Do you have friends who constantly struggle with their worst habits?
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Do they try so very hard to change, yet their old foibles return again and again to annoy and destroy everyone’s mood?
Is one of your friends Microsoft?
I only wonder because I’m becoming increasingly baffled by Redmond’s behavior in one specific area of its business.
It has an excellent product called Edge. Yet it doesn’t advertise it. It doesn’t show customers just how excellent it is. Instead, Microsoft chooses to force it upon them like a cruel school nurse in a 1950s British horror movie.
Which is what the old Microsoft used to do quite a lot.
The latest episode began with Redmond making it harder to set anything other than Edge as your Windows 11 browser.
Now, it involves the company blocking helpful tools like Edge Deflector and Search Deflector. How are they helpful? Well, they allow human Windows 11 users to choose which browser they prefer, rather than have, in the case of certain links, Edge foisted upon them by the fidgety fists of Microsoft.
Did I mention that Edge is a very fine product? Did I mention that Microsoft’s stance feels slightly counterproductive?
Not even Apple, wallbuilders so much more successful than any president I can think of, would dream of forcing Mac users to embrace Safari to the exclusion of every other browser. (Even if Apple occasionally gets upset that you’re using Edge.)
Yet here is Microsoft offering my colleague Mary Jo Foley these words of explanation: “Windows openly enables applications and services on its platform, including various web browsers. At the same time, Windows also offers certain end to end customer experiences in both Windows 10 and Windows 11. The search experience from the taskbar is one such example of an end-to-end experience that is not designed to be redirected. When we become aware of improper redirection, we issue a fix.”
This logic gives piffle a bad name.
Windows 11 is an upcoming release of Microsoft’s flagship operating system and the successor to Windows 10.
End to end customer experiences? From which end? To what end?
Is Microsoft truly suggesting that Edge somehow uplifts the Windows link-opening experience where, say, its birth-mother, Chrome, doesn’t?
The search experience isn’t designed to be redirected? Perhaps Microsoft should redirect its efforts toward treating its customers like people who make their own choices.
There’s something so palpably absurd about all this. Satya Nadella’s stewardship of the Microsoft brand has comprised a moderate, considerate tone, coupled with an open-minded approach to other people’s hardware and even software choices.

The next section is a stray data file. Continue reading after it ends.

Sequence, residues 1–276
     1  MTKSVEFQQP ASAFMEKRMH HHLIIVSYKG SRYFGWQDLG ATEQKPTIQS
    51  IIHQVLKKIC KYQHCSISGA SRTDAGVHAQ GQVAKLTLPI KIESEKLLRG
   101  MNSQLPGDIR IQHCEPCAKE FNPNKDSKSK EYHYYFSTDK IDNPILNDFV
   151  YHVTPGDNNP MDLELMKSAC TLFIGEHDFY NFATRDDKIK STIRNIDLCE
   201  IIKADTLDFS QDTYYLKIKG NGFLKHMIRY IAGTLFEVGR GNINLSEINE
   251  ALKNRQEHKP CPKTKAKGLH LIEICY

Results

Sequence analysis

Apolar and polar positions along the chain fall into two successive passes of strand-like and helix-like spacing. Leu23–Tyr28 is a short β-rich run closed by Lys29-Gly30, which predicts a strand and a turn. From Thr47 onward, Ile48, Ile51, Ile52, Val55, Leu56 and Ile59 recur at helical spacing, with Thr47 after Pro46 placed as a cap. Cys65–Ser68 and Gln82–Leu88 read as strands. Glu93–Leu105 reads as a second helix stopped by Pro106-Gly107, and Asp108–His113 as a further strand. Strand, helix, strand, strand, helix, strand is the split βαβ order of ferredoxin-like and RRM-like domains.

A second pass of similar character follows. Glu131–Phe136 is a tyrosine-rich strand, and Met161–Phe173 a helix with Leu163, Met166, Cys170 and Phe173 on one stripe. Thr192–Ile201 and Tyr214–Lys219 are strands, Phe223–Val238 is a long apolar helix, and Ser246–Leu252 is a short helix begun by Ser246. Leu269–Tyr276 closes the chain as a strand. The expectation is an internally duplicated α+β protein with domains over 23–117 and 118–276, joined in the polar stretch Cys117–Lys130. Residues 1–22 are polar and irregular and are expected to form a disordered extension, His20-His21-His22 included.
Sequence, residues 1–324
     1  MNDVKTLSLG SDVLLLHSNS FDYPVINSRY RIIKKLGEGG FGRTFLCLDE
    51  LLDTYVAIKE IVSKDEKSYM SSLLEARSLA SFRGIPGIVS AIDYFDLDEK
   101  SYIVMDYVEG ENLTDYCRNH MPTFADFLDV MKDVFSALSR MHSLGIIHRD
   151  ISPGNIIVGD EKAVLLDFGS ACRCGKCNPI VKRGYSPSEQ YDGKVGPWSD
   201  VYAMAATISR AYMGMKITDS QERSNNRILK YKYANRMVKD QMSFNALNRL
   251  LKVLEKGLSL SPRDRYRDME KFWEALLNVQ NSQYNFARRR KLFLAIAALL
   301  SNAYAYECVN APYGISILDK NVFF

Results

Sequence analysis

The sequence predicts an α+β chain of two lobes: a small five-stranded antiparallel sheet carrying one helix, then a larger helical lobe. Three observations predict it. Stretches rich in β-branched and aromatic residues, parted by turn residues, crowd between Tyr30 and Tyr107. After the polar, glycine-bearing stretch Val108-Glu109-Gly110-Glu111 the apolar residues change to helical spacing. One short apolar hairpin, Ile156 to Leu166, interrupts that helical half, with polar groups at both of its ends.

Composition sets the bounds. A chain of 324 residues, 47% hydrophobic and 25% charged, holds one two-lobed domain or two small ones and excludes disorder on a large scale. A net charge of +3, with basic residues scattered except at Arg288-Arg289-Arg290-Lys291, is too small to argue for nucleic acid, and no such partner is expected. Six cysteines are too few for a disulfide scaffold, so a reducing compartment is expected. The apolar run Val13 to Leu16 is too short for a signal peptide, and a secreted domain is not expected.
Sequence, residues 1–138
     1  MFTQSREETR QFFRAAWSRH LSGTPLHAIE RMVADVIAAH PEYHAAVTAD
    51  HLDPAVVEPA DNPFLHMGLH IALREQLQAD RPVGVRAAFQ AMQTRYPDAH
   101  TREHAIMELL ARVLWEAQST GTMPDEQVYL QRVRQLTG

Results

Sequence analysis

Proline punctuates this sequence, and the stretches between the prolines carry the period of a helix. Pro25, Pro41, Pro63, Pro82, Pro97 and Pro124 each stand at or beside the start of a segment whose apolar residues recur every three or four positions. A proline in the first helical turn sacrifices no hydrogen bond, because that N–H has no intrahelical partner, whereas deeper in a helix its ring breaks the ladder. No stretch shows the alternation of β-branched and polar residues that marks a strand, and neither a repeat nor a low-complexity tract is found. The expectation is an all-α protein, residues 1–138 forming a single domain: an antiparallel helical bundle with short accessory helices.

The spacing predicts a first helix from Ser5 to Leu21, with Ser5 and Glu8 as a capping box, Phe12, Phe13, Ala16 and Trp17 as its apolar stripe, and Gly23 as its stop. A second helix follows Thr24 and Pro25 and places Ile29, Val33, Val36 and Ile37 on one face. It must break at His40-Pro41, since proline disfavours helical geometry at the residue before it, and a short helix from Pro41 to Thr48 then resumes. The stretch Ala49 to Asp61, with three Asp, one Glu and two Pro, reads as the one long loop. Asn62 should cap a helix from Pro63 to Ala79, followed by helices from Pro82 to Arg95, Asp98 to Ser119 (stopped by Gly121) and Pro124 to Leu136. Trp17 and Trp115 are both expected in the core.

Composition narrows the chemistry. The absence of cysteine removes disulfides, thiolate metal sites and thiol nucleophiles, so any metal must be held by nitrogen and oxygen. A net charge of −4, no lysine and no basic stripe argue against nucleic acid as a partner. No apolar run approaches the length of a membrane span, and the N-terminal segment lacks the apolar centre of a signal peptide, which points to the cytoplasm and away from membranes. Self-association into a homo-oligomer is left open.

Does he actually know what’s going on here?
It’s one thing to try to encourage your customers to try more of your offerings. Yet Microsoft has a myopic need not only to pester but also to subjugate.
Microsoft’s history is littered with force-feeding customers to the point at which they want to force-quit. And it’s not as if Windows 11 has enjoyed a completely smooth entry into the atmosphere. Why would you want to grate on your customers’ wicks with this gratuitously?
The answer, one imagines, is that Microsoft wants to gain browser market share and doesn’t care how it does it.
But did I mention Edge is a fine product? I use it on occasion. It works very well. Did it never strike anyone at Microsoft to take advantage of, say, positive messaging to inspire and charm customers into trying its new browser?
From the very beginning of Edge, Microsoft managed to annoy Windows 7 users. Many, not knowing there was a new browser, concluded that Edge must be malware. Did it really have to be this way?
I wafted to Microsoft’s own forums to see what the committed had to say.
Sample from Petri X, a so-called Super Contributor: “Sounds like a kid who has lost the game and start behaving badly. At least I’m getting the impression that Microsoft does not trust anymore that people are using Edge because Edge is such a good browser. They must use Edge because Microsoft says so.”
Given its latest behavior, I’m now more committed to continuing with Firefox as my main browser. Which surely can’t be helpful to Microsoft’s cause.
But the real issue here is the one many are fighting for, and some are fighting against: democracy.
I leave you, therefore, with the words of Microsoft’s CEO, words that I’d so like to believe: “Throughout its history, Windows has been a democratizing force for the world. Windows has always stood for sovereignty for creators and agency for consumers.”
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